Electrical Power & Protection

Propelling green hydrogen toward large-scale African commercialisation

April 2022 Electrical Power & Protection

The African Hydrogen Partnership (AHP) recently unveiled its 14 ‘Pioneer Members’ from organisations based across South Africa, Ivory Coast, Ghana, Mali, Zimbabwe, Canada, France, the Netherlands, Israel, Italy and the UK, with the large-scale commercialisation of hydrogen technology in Africa as a key focus.

The partnership – which aims to lay the foundation for establishing hydrogen economies and societies in Africa – will also explore how the continent can export green or natural hydrogen, the development of domestic markets and how to attract foreign investment from energy-intensive industries as priorities.

Following its rapid expansion in 2021, the AHP is now working with representatives from firms including Anglo American, Bluenergy Revolution, Cheranna Energy, Gencell, HDF Energy, Hydroma, Hydrox Holdings, Hypowa, iH2 – Ivoire Hydrogene, Jacob Lawren, Mobility Africa Energy, Port of Rotterdam, RTS Africa Engineering (RTS) and Sable Chemicals. These are the group’s ‘Pioneer Members’.

RTS, which is based in Waltloo, Pretoria, first became involved with the hydrogen industry in the mid-1990s when it was appointed as the sub-Saharan African agent for Norsk Hydro Electrolysers, now known as Nel Hydrogen. At that time, hydrogen was largely seen as a specialised industrial gas and while such applications still exist, it is apparent that hydrogen now offers the opportunity to manage the world’s ever-increasing energy requirements without further damage to its fragile ecology.

“Unlike other fuels that release environmentally unfriendly chemicals into the atmosphere, green hydrogen, when combined with oxygen, produces only energy and water,” explains Ian Fraser, managing director of RTS. “Of course, for this to be effective and viable, we need to generate the hydrogen without creating those same noxious gasses that we want to avoid.”

He adds that there are already several projects underway aimed at eliminating fossil fuels from the energy market. For instance, RTS is participating in a pilot project aimed at converting large ore haulers at a local platinum mine from diesel to hydrogen power. The hydrogen will be generated by green technology using wind and solar energy to power two Nel Hydrogen electrolysers that will produce green hydrogen through the electrolysis of water. The long-term target is to convert the entire fleet of haul trucks to hydrogen and also to introduce green hydrogen mobility at other local mines. It is worth noting that just one of these trucks, when powered by diesel, consumes over 900 000 litres of fuel a year, which generates enormous volumes of carbon emissions.

“Africa has the potential to become a major energy powerhouse,” Fraser asserts. “The continent has vast open areas and abundant sun and wind energy. Africa can in fact produce enough green hydrogen to supply all the continent’s energy requirements, plus a comfortable excess for export.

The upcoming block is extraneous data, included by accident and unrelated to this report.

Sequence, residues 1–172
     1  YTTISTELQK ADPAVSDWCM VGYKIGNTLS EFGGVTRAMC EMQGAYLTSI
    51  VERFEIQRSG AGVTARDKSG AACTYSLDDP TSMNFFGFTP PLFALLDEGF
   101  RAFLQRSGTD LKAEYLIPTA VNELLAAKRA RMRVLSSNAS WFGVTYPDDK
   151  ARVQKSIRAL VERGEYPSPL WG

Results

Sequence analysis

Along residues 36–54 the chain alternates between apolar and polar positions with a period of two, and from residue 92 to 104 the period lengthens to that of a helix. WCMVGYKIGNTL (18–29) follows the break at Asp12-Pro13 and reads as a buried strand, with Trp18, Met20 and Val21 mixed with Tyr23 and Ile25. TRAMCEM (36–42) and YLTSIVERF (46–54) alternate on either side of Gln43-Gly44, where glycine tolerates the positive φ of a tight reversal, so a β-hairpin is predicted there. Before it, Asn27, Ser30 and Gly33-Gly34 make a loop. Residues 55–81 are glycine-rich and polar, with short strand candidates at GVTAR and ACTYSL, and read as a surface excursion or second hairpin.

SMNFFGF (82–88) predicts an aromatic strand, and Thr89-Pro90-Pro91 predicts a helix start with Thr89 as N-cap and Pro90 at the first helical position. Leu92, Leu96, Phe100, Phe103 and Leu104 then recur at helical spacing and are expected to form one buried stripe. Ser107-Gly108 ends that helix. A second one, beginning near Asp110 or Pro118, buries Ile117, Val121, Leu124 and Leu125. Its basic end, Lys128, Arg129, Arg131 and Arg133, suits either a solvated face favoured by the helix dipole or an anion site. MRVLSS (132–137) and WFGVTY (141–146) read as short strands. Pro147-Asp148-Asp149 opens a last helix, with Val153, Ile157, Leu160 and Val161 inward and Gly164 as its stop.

“Developing hydrogen economies in Africa will reduce the economic burden of importing costly refined fossil fuels and generate revenue streams from exporting green hydrogen. Many African countries could move directly into the new age of hydrogen technologies.” What is more, Fraser considers it likely that clean, sustainable and renewable green hydrogen, or natural African hydrogen, will price diesel and petrol out of the market between 2025 and 2030.

“At RTS, we are very aware that carbon-free green hydrogen, as well as naturally occurring African hydrogen, are essential if we are to achieve global net-zero CO2 emissions,” he continues. “In the interest of forming a strong international alliance for utilising Africa’s hydrogen potential and creating green wealth, organisations from across the world are invited to join us at the AHP.”

The first African hydrogen economies will begin with construction of P2G (power to gas) renewable energy facilities for producing green hydrogen derivatives, the construction of hydrogen hubs along important trans-African highways and the export of green hydrogen. Green economies can also be developed in ports, where hydrogen stations will provide fuel for long-haul heavy goods vehicles (HGVs), buses and trains powered by hydrogen fuel cells. African governments can grant concessions for the right to produce green hydrogen and export it to energy-importing nations. The fees for concessions will increase the inflow of foreign currencies into African economies.

“The future of Africa is Green and we at RTS and within the AHP will be leading the continent to reap the benefits of this planet-saving energy resource,” Fraser concludes.

For more information contact RTS Africa Engineering, +27 87 265 9591, info@rtsafrica.co.za, www.rtsafrica.co.za


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